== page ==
By Jim Schutze
By Rachel Watts
By Lauren Drewes Daniels
By Anna Merlan
By Lee Escobedo
What happened next was a deadly confluence of immaturity, testosterone, road rage and, unfortunately, motorcycles.
Riding in a safe, staggered formation, the Bastards were in the left-center lane of 75 just south of George Bush Turnpike when Mitchell's white Mitsubishi pickup—distracted and dogged by Pyburn's black Lexus—abruptly stopped.
"I looked down to check our speed," Scrape says. "We're going 62, then next thing I see is the black car's nose buried and its back two tires off the pavement. Oh shit."
To avoid hitting Mitchell, Pyburn braked severely and swerved right. Rico and his wife, Elisa ("Lela"), riding on their Kawasaki Vulcan from second and on the right in an alignment designed to provide bailout room, also swerved right. But their front tire contacted the Lexus behind its right back wheel, sending a motorcycle and two bodies flying and leaving two daughters almost immediately orphaned. Lela, launched over Rico, broke her neck and suffered massive internal injuries on impact with the highway, killing her instantly. Before it helicoptered across three lanes of traffic, Rico's bike momentarily trapped and instantly severed his left leg at the knee. He never regained consciousness after paramedics arrived and died the next afternoon at Parkland Hospital.
Though Bastards and family members at the scene say they were told by emergency personnel that it wouldn't have mattered, neither Santos was wearing a helmet.
"I was in the Army for 11 years so death and dismemberment aren't new to me," Gonzo says at Strokers. "But I'd have rather died myself than to have witnessed what happened to my brother."
Richardson police originally arrested the 18-year-old Mitchell—who told investigators he left the scene not knowing there had been an accident—and charged him with two counts of manslaughter.
"The actions of Mr. Mitchell led to the first, causative effects of the accident that killed the two victims," said Richardson police sergeant Kevin Perlich in mid-October. "His decision to stop on the highway was the first domino." And yet a Collin County grand jury refused to indict him.
But investigators eventually zeroed in on an even more potent influence—what they claim was Pyburn's physical and psychological antagonizing. "The grand jury investigation is not concluded in this case," Collin County First Assistant District Attorney Greg Davis said last week. "Further action is likely." Asked if the grand jury was free to indict other targets in the case, Davis responded "Yes." Asked if Pyburn would be indicted, Davis declined comment.
In the aftermath of the horrific accident the Bastards took shifts between Parkland and Twin Peaks and managed to raise $2,000 for Rage, who has since left the hospital but still hasn't returned to riding. On 75 and Bush, there are two white crosses erected for Ernie and Elisa. And in their stockings—despite a large, loving family—daughters Lacey, age 5, and Loran, age 13, are staring at an empty, somber Christmas without Mommy and Daddy.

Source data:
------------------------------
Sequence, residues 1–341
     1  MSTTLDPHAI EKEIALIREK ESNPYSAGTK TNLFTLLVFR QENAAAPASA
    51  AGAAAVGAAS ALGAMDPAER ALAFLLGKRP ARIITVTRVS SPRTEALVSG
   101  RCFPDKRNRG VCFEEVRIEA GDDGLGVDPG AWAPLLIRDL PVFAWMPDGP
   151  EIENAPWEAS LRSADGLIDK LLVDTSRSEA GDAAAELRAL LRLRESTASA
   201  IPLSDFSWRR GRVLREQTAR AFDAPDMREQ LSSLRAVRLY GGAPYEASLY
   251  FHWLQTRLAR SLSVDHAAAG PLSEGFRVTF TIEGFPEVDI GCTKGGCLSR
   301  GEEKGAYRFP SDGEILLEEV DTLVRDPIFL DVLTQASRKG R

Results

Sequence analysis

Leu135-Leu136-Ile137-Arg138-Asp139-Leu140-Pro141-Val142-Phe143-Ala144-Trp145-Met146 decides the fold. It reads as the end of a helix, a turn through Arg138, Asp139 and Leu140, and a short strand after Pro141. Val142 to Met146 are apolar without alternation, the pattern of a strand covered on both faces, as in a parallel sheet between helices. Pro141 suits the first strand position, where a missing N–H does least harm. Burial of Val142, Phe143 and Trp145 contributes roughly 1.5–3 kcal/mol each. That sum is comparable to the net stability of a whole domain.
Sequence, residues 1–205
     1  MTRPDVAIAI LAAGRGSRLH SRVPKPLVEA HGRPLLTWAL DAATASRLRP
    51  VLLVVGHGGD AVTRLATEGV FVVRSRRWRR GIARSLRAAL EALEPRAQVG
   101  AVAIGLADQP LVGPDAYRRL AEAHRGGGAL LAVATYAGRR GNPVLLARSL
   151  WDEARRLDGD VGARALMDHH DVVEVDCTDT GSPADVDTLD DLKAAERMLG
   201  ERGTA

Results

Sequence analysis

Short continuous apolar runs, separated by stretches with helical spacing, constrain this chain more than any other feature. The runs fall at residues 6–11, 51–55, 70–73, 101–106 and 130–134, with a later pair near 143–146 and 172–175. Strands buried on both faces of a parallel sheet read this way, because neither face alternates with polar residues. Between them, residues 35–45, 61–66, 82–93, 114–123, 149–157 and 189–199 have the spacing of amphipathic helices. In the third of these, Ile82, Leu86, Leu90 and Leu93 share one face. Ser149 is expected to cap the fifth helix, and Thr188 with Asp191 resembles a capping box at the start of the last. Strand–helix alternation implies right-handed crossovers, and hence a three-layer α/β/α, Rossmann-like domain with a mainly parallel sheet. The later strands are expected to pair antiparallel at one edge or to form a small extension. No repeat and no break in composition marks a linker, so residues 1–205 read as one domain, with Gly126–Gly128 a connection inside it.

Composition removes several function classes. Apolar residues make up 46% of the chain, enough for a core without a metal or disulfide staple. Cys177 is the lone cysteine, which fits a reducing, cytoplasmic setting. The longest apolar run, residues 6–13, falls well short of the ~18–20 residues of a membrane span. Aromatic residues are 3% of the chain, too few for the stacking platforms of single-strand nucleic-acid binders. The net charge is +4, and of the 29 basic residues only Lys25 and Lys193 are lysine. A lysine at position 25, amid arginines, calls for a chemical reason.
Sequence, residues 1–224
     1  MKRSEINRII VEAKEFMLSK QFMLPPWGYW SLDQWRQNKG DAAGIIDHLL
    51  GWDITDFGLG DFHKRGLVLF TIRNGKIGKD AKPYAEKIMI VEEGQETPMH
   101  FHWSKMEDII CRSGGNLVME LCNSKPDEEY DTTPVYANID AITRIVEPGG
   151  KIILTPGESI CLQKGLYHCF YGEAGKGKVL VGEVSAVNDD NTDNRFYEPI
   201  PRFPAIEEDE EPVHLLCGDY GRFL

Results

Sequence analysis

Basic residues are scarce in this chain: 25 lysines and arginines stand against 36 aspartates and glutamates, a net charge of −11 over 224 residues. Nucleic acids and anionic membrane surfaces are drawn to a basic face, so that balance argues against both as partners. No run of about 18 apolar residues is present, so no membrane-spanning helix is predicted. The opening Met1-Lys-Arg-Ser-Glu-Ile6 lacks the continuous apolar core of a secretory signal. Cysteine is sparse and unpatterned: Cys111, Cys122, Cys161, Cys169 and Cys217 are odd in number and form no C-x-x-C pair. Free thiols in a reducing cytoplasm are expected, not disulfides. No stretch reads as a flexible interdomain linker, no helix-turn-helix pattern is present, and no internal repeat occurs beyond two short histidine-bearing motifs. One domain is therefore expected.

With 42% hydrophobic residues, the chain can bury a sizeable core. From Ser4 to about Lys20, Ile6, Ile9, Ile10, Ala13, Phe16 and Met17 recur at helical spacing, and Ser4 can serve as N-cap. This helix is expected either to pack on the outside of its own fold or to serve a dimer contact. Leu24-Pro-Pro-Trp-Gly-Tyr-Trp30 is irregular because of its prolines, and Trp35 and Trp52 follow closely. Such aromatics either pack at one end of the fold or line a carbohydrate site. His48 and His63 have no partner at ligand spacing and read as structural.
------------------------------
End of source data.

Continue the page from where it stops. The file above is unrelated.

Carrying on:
Rico would have turned 42 on Christmas Eve.
"We get mad, we get sad, we lean on each other and we get back on the bikes and go on rides," says Rico's sister, Lisa Santos. "Because that's what Ernie would want us to do. He'd be pissed if him dying made us all lay down our bikes."
While Monday through Saturday comes at us with the low, persistent hum of steady cars and traffic, Sundays arrive to the unmistakable trumpet of thunder only produced by weekend hobbyists and hard-core club members alike mounting and revving their massive motorcycles.
You don't need a GPS to track the favorite gathering places—just follow the rumble.
While the motorcyclists who desire speed congregate their Ninjas at places such as the Sonic on Northwest Highway on late Thursday afternoons, those who prefer raw power over high RPMs make the Sunday circuit consisting of, among others, Harley-Davidson stores, Blue Goose on Greenville Avenue, Duke's and—the motorcycle Mecca of the metroplex—Strokers.
"I was born a poor, white dumbass, but motorcycles have always provided me this feeling of euphoria. Of being alive. Of being free," says Strokers founder, TV star and local two-wheel icon Rick Fairless. "I've been fortunate enough to open a place where you can come in, have a beer and a burger, get an oil change and maybe make a friend for life."
On clear-weather Sundays, Fairless estimates 2,000 bikes roll through his establishment. Over his anniversary party weekend each October, he'll get 10,000 customers. As gas prices soared and cheesy movies like Wild Hogs and reality TV shows like American Chopper de-fanged motorcycles, riders became more prevalent. Not that bikes are the latest chic trend in style-over-substance Dallas, but...
"Our market is as good as any in the country," says Fairless, whose shop and story spawned the truTV network show, Ma's Roadhouse. "We don't have the scenic luxuries of mountains or oceans, but people are serious about the lifestyle here. Plus, you have to factor in that motorcycles have become mainstream. If you don't have one, you know somebody that does."
At Strokers, the vibe is beer, babes and bikes, not necessarily in that order. There is a full-service bike shop, a stage for concerts and bikini contests, a tattoo and piercing shop, random statues of an astronaut and the Statue of Liberty and, of course, the area's most eclectic mosh pit of bikers, beards and bellies. There is so much respect for Fairless, however, that opposing clubs treat Strokers' hallowed grounds as a sort of neutral zone.